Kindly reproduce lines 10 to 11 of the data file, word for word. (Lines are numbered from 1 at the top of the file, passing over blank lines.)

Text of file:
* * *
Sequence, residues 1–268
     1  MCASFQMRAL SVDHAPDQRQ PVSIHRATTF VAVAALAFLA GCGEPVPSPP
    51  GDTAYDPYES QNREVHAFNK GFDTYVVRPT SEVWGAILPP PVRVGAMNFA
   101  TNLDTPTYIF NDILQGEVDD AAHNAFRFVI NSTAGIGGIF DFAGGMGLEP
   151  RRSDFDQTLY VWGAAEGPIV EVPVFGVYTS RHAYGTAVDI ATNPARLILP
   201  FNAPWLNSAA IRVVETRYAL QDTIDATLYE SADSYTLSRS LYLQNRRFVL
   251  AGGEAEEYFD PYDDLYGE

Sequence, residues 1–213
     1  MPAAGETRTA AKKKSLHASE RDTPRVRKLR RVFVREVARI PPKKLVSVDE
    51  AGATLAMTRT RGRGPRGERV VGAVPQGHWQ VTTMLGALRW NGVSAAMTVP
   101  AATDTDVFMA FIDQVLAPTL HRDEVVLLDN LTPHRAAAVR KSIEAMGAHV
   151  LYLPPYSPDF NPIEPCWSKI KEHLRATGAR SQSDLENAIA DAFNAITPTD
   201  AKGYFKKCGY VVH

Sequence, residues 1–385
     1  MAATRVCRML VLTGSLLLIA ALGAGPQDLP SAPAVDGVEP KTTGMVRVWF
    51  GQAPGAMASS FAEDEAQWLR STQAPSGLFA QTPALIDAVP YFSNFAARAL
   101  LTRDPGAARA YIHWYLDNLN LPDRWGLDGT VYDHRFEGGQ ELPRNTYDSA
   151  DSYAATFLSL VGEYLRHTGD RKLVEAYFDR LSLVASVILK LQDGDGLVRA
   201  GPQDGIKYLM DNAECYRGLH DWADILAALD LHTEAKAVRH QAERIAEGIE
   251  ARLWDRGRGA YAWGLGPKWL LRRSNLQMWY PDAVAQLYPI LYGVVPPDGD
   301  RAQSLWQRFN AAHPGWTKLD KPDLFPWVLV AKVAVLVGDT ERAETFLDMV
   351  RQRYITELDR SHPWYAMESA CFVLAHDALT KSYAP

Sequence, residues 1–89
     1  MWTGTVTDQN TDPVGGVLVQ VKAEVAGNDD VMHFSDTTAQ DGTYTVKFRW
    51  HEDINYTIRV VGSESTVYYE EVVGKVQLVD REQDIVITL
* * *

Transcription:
    51  AGATLAMTRT RGRGPRGERV VGAVPQGHWQ VTTMLGALRW NGVSAAMTVP
   101  AATDTDVFMA FIDQVLAPTL HRDEVVLLDN LTPHRAAAVR KSIEAMGAHV